Myrinet is a high-performance, packet-communication, and switching technology. It was produced by Myricom as a high-performance alternative to conventional Ethernet networks. Myrinet switches are multiple-port components that route a packet entering on an input channel of a port to the output channel of the port selected by the packet.
Myrinet switches have 4, 8, 12, 16 ports. For an n-port switch, the ports are addressed 0, 1, 2... n - 1. For any switching permutation, there may be as many packets traversing a switch concurrently as the switch has ports. These switches are implemented using two types of VLSI chips such as crossbar-switch chips and the Myrinet-interface chip.
The basic building block of the Myrinet-2000 network is a 16-port Myrinet crossbar switch, implemented on a single chip designated as Xbar16. It can be interconnected to build various topologies of varying sizes. The most common topology is the Clos network.
As shown in the figure, it includes 24 Xbar16s. Each Xbar16 switch is represented using a circle. The eight switches forming the upper row is the Clos network spine, which is connected through a Clos spreader network to the 16 leaf switches forming the lower row.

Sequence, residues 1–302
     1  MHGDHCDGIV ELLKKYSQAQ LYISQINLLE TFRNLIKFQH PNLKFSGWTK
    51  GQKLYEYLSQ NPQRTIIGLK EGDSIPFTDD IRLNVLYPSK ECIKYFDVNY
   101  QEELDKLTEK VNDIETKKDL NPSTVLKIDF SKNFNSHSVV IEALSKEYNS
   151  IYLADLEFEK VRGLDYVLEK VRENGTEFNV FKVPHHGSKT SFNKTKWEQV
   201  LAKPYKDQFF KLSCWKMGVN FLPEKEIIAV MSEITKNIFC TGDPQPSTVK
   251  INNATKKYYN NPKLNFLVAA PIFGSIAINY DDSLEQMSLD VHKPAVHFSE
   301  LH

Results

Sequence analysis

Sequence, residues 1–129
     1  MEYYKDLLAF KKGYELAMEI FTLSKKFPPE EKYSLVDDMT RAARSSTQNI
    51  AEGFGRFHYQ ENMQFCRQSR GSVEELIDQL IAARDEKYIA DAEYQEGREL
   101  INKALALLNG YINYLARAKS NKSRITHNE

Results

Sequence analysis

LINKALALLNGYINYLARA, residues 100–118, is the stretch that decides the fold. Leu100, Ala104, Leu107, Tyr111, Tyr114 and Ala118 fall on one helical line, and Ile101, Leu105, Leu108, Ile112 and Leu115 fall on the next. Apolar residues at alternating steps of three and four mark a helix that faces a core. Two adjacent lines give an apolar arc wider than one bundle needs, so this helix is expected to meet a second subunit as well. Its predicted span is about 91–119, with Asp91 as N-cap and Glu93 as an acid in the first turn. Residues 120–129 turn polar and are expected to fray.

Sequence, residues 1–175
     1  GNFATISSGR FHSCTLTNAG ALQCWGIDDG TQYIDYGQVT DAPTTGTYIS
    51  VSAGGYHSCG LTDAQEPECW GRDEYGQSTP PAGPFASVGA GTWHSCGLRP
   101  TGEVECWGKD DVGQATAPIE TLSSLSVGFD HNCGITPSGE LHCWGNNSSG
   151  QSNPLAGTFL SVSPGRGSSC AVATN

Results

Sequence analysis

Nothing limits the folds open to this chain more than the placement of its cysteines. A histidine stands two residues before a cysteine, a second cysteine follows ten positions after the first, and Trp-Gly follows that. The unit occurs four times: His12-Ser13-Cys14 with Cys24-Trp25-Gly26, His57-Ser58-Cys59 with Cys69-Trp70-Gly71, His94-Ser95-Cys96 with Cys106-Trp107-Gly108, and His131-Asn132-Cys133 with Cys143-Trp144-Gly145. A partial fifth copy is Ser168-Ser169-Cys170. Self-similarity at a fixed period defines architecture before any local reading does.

The Clos network provides routes from any host to any other host. There is a unique shortest route between hosts connected to the same Xbar16. Routes between hosts connected to different Xbar16s traverse three Xbar16 switches.
The routing of Myrinet packets is based on the source routing approach. Each Myrinet packet has a variable-length header with complete routing information. When a packet enters a switch, the leading byte of the header determines the outgoing port before being stripped off the packet header. At the host interface, a control program is executed to perform source-route translation.